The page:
Describing the incident in an interview, Haridas (Deputy Superintendent of Police who handled the case) said,
I reached the spot of the crime by 5.30 that morning. I suspected foul play from the very beginning as I noticed a matchbox, a hand glove, and stains of petrol in the area. I found out that the car belonged to one Sukumara Kurup, an expatriate. But in the investigation that followed, we found that the body was not that of Kurup.”
Further, the forensic team revealed that there was a stench of poison found in the stomach of the dead man. The police finally concluded that the person was first killed and then planted in the car. During the investigation, the police grew suspicious of Kurup’s family as they did not behave the way a bereaved family does. They then placed policemen in casual clothes outside Kurup’s house to keep a watch on his family and it came out that the family had a grand meat meal just two days after Sukumara’s death, which was quite unusual.
On the other hand, Chacko’s absence from his home led his brother to file a missing person complaint at the Mavelikkara police station. Initially, his wife Santhamma did not take Chacko’s absence seriously as her husband often stayed away from his home for days due to the nature of his work. However, she grew suspicious when she read about the murder in the newspaper. Although the body of Chacko got completely burnt, his wife Santhamma reportedly identified him by the underwear that he was wearing (the only piece of clothing on Chacko’s body that was not completely destroyed).
Equipped with the identification of Chacko (being the dead man), police soon connected the clues and came to the conclusion that Kurup had faked his death for money. Even though the police managed to arrest the other three accused (his driver Ponnappan, his brother-in-law Bhaskara Pillai, and his friend Shahu) in the case, Kurup had a narrow escape.
It is believed that Kurup flew from Aluva to Chennai, and then to Bhutan. He later went to the Andamans. He then moved to Bhopal. Police did search him in all those spots but could not catch him. Four undercover policemen, who were a part of the special investigation team (SIT)in the case were also deployed in his neighbourhood for eight years but yielded no results.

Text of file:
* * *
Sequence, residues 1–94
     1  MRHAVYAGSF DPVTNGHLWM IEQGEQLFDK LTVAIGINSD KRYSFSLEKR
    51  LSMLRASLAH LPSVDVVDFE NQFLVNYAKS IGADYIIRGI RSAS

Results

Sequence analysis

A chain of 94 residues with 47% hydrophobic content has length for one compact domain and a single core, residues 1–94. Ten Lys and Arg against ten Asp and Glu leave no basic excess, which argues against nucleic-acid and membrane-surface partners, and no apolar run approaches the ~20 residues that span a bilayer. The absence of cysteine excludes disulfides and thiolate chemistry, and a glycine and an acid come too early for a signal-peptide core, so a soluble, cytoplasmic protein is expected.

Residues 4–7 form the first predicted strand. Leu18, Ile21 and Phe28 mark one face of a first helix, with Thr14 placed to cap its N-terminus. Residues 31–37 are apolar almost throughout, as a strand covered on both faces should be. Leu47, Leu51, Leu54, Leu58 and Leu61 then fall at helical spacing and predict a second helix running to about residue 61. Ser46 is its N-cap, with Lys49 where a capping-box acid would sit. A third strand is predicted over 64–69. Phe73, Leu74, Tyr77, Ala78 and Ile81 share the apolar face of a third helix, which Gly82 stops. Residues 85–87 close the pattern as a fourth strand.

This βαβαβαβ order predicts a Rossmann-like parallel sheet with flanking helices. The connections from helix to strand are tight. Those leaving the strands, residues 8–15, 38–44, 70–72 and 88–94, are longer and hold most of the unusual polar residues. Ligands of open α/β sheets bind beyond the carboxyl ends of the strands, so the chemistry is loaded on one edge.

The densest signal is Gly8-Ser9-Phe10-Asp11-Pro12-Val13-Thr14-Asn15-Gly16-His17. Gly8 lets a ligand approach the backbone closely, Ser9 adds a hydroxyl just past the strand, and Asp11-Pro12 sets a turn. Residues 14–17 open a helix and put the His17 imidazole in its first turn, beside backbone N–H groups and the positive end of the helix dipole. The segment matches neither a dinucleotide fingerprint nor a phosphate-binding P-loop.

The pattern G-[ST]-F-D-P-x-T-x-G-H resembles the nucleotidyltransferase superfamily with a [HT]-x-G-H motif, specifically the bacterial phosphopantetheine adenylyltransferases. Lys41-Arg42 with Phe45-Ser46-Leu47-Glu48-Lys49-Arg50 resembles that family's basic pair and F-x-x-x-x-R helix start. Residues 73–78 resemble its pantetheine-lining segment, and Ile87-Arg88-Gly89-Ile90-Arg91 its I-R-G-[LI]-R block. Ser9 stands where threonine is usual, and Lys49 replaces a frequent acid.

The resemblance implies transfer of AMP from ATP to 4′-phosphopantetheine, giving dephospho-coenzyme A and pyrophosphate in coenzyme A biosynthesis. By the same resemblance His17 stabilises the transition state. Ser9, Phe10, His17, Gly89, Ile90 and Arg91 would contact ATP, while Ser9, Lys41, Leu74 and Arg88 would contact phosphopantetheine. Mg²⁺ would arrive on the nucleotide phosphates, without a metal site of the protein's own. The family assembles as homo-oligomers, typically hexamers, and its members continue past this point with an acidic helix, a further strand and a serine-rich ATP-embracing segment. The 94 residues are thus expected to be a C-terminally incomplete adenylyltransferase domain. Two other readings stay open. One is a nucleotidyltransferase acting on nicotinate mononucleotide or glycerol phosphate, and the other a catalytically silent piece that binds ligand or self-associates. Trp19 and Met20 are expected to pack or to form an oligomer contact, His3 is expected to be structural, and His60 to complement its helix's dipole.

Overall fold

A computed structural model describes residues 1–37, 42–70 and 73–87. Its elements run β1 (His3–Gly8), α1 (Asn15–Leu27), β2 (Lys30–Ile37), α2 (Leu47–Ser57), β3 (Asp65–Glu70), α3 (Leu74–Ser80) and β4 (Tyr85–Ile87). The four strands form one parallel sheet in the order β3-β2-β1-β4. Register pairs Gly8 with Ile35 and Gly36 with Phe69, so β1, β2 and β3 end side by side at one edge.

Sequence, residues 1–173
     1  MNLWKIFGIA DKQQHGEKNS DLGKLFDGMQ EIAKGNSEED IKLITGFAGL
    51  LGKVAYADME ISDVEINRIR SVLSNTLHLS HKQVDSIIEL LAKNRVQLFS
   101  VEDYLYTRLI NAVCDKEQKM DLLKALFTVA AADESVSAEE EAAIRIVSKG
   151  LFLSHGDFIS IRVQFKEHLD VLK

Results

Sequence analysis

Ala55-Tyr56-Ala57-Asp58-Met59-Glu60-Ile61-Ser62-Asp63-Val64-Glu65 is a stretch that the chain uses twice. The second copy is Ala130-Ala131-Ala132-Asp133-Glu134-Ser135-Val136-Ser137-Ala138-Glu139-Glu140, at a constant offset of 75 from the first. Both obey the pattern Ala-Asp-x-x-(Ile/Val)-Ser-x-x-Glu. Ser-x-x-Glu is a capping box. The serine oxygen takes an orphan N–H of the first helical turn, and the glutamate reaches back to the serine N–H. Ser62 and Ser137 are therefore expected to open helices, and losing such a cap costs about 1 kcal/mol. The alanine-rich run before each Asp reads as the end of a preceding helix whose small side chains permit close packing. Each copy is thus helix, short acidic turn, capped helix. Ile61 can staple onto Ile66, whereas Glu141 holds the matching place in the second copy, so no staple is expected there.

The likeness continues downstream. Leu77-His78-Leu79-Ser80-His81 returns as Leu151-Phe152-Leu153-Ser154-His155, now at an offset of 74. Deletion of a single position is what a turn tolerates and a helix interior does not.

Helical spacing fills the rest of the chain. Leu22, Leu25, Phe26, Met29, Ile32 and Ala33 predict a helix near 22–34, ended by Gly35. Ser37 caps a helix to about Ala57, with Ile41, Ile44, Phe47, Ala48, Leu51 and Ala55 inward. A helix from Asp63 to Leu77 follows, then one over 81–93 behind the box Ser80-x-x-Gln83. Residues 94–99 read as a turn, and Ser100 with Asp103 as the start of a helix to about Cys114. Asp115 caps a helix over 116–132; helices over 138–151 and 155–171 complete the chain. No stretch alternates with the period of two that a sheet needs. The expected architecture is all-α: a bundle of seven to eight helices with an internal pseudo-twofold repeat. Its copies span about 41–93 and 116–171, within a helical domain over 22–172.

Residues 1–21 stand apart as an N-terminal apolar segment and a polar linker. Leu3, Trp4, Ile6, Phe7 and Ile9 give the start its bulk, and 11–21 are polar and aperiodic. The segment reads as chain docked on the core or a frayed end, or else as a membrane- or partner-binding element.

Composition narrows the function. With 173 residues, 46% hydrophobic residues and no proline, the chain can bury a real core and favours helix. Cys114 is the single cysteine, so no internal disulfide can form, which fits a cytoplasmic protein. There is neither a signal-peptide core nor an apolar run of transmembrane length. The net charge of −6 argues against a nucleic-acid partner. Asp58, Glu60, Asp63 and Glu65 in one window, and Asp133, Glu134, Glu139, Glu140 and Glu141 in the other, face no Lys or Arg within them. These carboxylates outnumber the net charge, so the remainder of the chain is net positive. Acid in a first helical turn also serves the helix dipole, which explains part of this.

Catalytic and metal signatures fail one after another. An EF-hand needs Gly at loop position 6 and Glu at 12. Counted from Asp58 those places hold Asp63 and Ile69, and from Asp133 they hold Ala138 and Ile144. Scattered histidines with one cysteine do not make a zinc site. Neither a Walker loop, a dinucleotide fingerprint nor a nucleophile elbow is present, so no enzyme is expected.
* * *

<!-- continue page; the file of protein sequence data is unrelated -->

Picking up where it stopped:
Since Kurup went missing after the Chacko murder case, several theories about Kurup’s life have been doing the rounds. While some believe that he had become a monk in Nepal, others say that he had fled for the Gulf from Nepal. It is also believed that Sukumara converted to Islam and is living in a mosque in the interior of Saudi Arabia.
In 1990, a Malayali nurse, working at a hospital in Ranchi, claimed to have treated Sukumara during his run. She told the police officers that Kurup is not likely to live long as he suffered from severe cardiac issues. A man named Joseph insists that he was very ill and must be dead by now. In an interview, he said,
Kurup was spotted at the district hospital, Dhanbad, Bihar, in 1989. He was admitted with severe cardiac issues. The name given was P.S. Joshi, and he was 50. A Malayali nurse, who had her suspicions, asked him about his original home; he vanished the very next day with his medical records. The same person has been sighted in nine states including Odisha, West Bengal, and Assam. He was last spotted in Narayanpur (currently in Chhattisgarh) in January 1990. He vanished from there, too. Doctors told us that he would not survive for more than a week as his condition was that critical.”
- Kurup has been untraced since 1984 and over the years his name has become synonymous with ‘absconder,’ ‘fugitive,’ and ‘highly-intelligent criminal who has eluded the law.’ 
- In 2010, when his younger son, Sunit, was getting married, his wedding card mentioned ‘son of Mr. Sukumara Pillai’ (a name that Kurup started using later). 
- His friends in Abu Dhabi fondly called him Suku. 
- Sukumara, with his criminal act, has inspired many Malayalam films like NH47 (1984) and Pinneyum (2016).
- In 2021, a Malayalam mystery crime-thriller titled ‘Kurup’ was released. The film was based on the life of Sukumara and the aftermath of the Chacko murder case. The Indian actor Dulquer Salmaan played the eponymous role in the film. The film was slammed with a legal notice by Chacko’s son, Jithin, who complained that his father’s killer should not be glorified as a hero.